Chop, Chop

Chop: Short, steep isolated waves caused by local winds
which give a small boat an uncomfortable action
The Dictionary of English Nautical Language

As my kayak plows into the next wave, water splashes over the pointy prow and catches me full in the face, adding to the uncomfortableness of the action of this particular small boat. I’d make a pointy comment but I’m busy paddling hard against the wind and the aforementioned chop, progressing, albeit slowly, toward the small island ahead of me.

We are four seniors, crossing a great stretch of open water that Google Maps inexplicably represents as only about 300 metres: Something to to do with the distortions of the Mercator Projection, perhaps? Distance quibbles aside, our flat-calm morning paddle has suddenly deteriorated into hard work.

But as we reach the island a blessed calm descends, just like that. A small projection of land upwind from us is sheltering this patch of water along the shore. We skirt the leeward side of this island for another 400 metres or so, before popping out into another unsheltered strait requiring all our attention.

Trough-crest-trough, splish-splash-sploosh. And repeat. This isn’t my first choice of kayaking conditions, but I’m not unduly concerned. I have little fear of being swamped and I can see the next target island ahead, with its inevitable patch of calm water: Rest awaits.

In any storm, there is a lee somewhere.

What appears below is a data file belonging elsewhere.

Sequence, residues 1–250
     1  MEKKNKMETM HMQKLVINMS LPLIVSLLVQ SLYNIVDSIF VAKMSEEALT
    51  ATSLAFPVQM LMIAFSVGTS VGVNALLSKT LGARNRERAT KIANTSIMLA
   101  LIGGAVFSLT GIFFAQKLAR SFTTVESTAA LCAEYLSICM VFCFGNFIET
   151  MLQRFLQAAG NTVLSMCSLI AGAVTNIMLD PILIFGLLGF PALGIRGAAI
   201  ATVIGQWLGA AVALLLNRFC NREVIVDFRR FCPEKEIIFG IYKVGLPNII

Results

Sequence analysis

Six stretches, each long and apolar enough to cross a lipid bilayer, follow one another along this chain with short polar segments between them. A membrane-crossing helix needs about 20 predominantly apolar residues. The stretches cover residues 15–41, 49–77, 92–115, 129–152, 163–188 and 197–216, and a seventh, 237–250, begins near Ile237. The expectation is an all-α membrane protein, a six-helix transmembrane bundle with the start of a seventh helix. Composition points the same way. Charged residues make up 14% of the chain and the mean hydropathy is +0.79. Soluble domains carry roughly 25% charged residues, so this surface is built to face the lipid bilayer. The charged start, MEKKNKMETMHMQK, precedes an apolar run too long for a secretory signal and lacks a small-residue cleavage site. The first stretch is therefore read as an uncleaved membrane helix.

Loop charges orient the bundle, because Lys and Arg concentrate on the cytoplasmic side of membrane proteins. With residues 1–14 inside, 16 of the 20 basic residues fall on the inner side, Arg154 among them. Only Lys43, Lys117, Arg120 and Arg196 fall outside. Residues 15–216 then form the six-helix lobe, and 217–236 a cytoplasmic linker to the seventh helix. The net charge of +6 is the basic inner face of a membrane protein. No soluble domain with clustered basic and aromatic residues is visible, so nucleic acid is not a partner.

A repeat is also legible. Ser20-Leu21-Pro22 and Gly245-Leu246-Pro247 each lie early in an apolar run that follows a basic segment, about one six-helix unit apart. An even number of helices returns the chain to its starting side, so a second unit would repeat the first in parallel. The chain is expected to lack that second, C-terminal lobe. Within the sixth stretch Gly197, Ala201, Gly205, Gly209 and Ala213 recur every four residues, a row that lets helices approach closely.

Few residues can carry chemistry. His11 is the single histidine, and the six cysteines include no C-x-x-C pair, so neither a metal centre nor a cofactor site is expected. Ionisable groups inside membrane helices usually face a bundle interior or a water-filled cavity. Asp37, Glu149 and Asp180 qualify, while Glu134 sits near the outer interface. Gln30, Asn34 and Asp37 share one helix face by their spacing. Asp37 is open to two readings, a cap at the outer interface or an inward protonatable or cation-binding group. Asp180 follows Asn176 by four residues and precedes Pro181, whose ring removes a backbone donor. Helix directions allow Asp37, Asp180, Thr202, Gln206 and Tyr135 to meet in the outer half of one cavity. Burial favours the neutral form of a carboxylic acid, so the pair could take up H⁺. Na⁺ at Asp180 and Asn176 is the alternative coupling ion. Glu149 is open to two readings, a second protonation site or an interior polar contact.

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8 Responses to Chop, Chop

  1. Alison Uhrbach says:

    I’m quite scared of being on the water myself (true Prairie girl) so when I kayak (which is rarely) I cling to the calm by the shore. Perhaps you’ll inspire me to head out a little further into the “chop” both in kayaking, and in life?

    • Isabel Gibson says:

      Alison – Yeah, I don’t trust myself on bodies of water larger and murkier than community swimming pools, but it makes all the difference to have companions. In kayaking and in life, I guess.

  2. Tom Watson says:

    Now, during that only 300 metres or thereabouts stretch, you didn’t make any “pointy comment?” Not even under your breath?
    If you didn’t, you’re far better than I might have been in the same circumstances!

  3. Judith Umbach says:

    Well beyond my ambitions! Your prose almost made me sea sick – excellent prose, motion-filled results.

    • Isabel Gibson says:

      Judith – Thanks! Regarding your light trigger, I have read that Spike Milligan said, “The best cure for sea-sickness is to sit under a tree.” Something to be said for that, both literally and metaphorically.

  4. John Whitman says:

    Isabel – Your story about paddling strenuously into the wind reminds me of doing the same, albeit off the coast of Playa Blanca, Mexico. With head down I was working my way towards that fabled sheltered lee shore. When I looked up to check my directions I saw three dorsal fins cresting a wave about 50 feet in front of me, and coming right at me. After I got my heart out of my throat and back down into my chest, I realized that they were dolphins/porpoises. They stayed in the cove for the next week and came out to play every time there was a kayak on the water.
    John W

    • Isabel Gibson says:

      John – OMG. I’ve never heard of sharks (or whales, for that matter) attacking kayaks, but then you might not, eh? No one left to report . . .

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